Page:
Florida elec­tion bat­tles heat up as re­count chances grow

The Telegraph (Macon) - - Stay Connected - BY TERRY SPENCER

Florida is once again at the cen­ter of elec­tion con­tro­versy, but this year there are no hang­ing chads or but­ter­fly bal­lots like in 2000. And no an­gry mobs in suits – at least not yet.

The deeply pur­ple state will learn Satur­day whether there will be re­counts in the bit­ter and tight U.S. Se­nate race be­tween Repub­li­can Gov. Rick Scott and in­cum­bent Demo­crat Bill Nel­son; and in the gover­nor’s race be­tween former Repub­li­can U.S. Rep. Ron DeSan­tis and the Demo­cratic mayor of Tal­la­has­see, An­drew Gil­lum.

The state’s re­count pro­ce­dures have been re­vised since Florida held the coun­try hostage for a month 18 years ago, when Ge­orge W. Bush edged Al Gore for the pres­i­dency. Among other things, the in­fa­mous punch-card bal­lots are no longer.

Yet, Scott and Pres­i­dent Don­ald Trump on Fri­day al­leged fraud with­out ev­i­dence, even as the of­ten-la­bo­ri­ous process of re­view­ing bal­lots in a close race con­tin­ued ahead of the Satur­day noon dead­line. Both Scott and Nel­son sought to get the courts to in­ter­vene.

Scott said “un­eth­i­cal lib­er­als” were try­ing to steal the elec­tion in Demo­cratic strongholds of Broward and Palm Beach County. He sug­gested some­thing was awry be­cause vote-coun­ters were tak­ing longer there than in other ju­ris­dic­tions, and his thin lead has kept nar­row­ing since Elec­tion Night. On Fri­day, he led by 0.21 per­cent­age point, low enough to re­quire a re­count.

Nel­son lawyer Marc Elias said Scott was us­ing his of­fi­cial po­si­tion to try to in­flu­ence the elec­tion.

“He him­self said that as bal­lots are be­ing counted, it is tight­en­ing. Then he made some veiled threat or sug­ges­tion that he was some­how go­ing to in­volve law en­force­ment,” Elias said. “This is not a third world dic­ta­tor­ship. We do not let peo­ple seize bal­lots when they think they’re los­ing.”

A re­count is manda­tory if the win­ning can­di­date’s mar­gin is less than 0.5 per­cent­age points when the first un­of­fi­cial count is ver­i­fied Satur­day by Florida’s sec­re­tary of state. And if the mar­gin is less than 0.25 per­cent, the re­count must be done by hand.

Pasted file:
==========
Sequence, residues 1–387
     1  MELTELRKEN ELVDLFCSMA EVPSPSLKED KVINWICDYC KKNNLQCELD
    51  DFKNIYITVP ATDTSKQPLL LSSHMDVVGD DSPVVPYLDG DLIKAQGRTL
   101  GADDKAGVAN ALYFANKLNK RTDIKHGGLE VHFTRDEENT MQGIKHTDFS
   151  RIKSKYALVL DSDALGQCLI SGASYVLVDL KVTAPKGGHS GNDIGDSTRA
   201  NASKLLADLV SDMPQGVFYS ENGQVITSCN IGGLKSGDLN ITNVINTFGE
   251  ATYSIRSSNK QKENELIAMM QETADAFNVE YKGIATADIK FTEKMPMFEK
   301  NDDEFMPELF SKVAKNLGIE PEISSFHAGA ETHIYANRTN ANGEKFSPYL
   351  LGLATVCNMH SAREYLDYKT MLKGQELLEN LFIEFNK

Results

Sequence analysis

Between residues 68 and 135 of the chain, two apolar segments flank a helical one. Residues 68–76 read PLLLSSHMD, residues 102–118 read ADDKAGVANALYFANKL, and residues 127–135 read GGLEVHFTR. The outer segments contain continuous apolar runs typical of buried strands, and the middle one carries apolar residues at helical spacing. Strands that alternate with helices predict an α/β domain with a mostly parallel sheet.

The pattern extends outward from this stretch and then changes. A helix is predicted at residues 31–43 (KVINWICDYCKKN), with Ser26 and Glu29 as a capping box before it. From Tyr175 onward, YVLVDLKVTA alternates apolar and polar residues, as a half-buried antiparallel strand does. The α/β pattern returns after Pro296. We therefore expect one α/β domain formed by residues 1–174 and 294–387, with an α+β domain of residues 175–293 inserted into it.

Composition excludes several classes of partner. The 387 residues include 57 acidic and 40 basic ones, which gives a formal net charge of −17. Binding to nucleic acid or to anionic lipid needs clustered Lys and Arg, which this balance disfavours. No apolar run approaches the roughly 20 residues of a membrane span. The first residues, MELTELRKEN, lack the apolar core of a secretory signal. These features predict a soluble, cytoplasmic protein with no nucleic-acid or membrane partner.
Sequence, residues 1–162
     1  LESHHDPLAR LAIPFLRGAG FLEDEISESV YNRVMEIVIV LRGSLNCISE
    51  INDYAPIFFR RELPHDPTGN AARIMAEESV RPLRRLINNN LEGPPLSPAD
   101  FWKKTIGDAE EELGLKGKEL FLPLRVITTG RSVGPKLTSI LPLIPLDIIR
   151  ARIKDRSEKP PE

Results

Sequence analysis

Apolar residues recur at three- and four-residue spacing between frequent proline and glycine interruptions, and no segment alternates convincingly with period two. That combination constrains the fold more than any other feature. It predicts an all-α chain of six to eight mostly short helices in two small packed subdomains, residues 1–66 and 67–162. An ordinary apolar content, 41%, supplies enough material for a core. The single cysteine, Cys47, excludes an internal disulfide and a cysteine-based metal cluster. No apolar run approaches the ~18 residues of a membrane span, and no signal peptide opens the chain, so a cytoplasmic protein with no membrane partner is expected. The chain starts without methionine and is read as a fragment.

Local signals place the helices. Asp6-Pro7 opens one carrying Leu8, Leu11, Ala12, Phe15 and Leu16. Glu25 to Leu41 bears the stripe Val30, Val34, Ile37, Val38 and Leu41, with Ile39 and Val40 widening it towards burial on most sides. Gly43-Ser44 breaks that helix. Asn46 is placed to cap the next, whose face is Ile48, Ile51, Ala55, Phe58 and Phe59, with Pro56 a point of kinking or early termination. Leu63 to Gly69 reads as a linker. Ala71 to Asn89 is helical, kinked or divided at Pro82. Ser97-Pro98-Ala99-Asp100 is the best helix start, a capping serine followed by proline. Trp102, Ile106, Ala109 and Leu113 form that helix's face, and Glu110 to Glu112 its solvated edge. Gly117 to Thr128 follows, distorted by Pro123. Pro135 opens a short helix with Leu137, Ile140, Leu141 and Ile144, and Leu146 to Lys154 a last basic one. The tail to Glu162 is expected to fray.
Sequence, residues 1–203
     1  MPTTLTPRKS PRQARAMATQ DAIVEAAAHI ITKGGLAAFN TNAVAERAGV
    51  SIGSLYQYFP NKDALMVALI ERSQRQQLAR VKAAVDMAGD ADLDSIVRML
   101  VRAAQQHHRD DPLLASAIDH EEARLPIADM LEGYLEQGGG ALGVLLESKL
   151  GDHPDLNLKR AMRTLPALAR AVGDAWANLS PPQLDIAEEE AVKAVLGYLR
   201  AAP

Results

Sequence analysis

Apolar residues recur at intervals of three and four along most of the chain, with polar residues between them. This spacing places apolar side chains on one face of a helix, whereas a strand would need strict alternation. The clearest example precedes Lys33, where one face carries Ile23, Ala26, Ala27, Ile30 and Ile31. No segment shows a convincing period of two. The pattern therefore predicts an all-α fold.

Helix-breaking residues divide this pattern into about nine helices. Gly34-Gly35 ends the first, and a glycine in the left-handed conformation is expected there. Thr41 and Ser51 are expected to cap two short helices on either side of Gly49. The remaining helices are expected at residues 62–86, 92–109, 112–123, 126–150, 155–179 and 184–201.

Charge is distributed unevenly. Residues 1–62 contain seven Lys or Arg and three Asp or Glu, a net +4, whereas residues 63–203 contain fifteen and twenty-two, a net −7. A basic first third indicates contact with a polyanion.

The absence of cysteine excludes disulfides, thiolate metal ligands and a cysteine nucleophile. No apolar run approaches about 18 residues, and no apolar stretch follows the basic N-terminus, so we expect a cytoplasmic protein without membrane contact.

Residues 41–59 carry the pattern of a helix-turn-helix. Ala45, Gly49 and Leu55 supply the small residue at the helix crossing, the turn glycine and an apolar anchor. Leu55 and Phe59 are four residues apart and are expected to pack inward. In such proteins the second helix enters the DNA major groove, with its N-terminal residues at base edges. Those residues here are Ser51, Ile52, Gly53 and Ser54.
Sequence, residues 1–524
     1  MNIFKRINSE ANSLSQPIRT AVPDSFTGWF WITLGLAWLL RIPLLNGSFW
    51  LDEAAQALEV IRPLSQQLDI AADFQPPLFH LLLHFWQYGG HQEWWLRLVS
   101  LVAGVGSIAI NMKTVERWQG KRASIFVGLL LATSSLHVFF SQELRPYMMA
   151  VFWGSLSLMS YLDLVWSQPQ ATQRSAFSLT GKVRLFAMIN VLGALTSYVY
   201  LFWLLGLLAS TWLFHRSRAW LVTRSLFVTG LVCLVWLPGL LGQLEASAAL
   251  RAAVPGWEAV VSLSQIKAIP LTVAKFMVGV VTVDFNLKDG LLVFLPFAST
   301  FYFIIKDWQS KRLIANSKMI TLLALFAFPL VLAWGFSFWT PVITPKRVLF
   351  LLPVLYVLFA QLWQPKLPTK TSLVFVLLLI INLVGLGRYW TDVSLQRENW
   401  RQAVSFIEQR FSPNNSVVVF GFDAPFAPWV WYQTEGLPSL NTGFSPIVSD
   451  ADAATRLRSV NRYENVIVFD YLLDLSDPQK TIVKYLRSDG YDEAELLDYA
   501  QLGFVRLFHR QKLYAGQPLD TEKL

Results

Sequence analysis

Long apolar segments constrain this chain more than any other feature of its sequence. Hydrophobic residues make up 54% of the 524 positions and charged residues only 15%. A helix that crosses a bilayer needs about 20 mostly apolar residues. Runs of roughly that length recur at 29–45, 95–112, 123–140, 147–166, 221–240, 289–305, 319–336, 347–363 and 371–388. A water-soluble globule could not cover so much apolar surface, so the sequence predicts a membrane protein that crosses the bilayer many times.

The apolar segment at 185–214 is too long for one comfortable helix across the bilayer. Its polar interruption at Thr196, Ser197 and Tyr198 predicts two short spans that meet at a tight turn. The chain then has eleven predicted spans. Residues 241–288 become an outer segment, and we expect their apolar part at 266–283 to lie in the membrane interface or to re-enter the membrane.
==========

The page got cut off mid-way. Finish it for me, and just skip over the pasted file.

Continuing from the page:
In Wash­ing­ton, Trump took Scott’s side, telling re­porters that the fed­eral gov­ern­ment could get in­volved and adding: ‘'all of the sud­den they are find­ing votes out of nowhere.”

While the Florida Depart­ment of Law En­force­ment said there had been no al­le­ga­tions of fraud, Scott asked – but did not order – the agency to in­ves­ti­gate the coun­ties’ elec­tions de­part­ments. A spokes­woman for the agency said there were no cred­i­ble al­le­ga­tions of fraud, there­fore no ac­tive in­ves­ti­ga­tion.

The gover­nor, mean­while, filed law­suits in both coun­ties seek­ing more in­for­ma­tion on how their bal­lots were be­ing tal­lied. Nel­son filed his own fed­eral law­suit Fri­day, seek­ing to post­pone the Satur­day dead­line to sub­mit un­of­fi­cial elec­tion re­sults.

A judge on Fri­day sided with Scott and or­dered Broward County’s elec­tion su­per­vi­sor to re­lease the voter in­for­ma­tion sought by the gover­nor.

The rul­ing came as the Broward Can­vass­ing Board met to re­view bal­lots that had been ini­tially deemed in­el­i­gi­ble. Lawyers from the cam­paigns, jour­nal­ists and cit­i­zens crowded into a room to ob­serve the pro­ceed­ings.

Broward County has a trou­bled elec­tion his­tory, Its county’s elec­tion su­per­vi­sor, Brenda Snipes, has been at the cen­ter of sev­eral con­tro­ver­sies, in­clud­ing one 2016 case in which her of­fice de­stroyed phys­i­cal bal­lots but kept dig­i­tal copies. A judge ruled that the law had been vi­o­lated.

In the race for gover­nor, DeSan­tis was lead­ing by 0.47 per­cent­age points. While that mar­gin, if it holds, would re­quire a re­count, DeSan­tis has mostly stayed out of the fray.

Newspapers in English

Newspapers from USA

© PressReader. All rights reserved.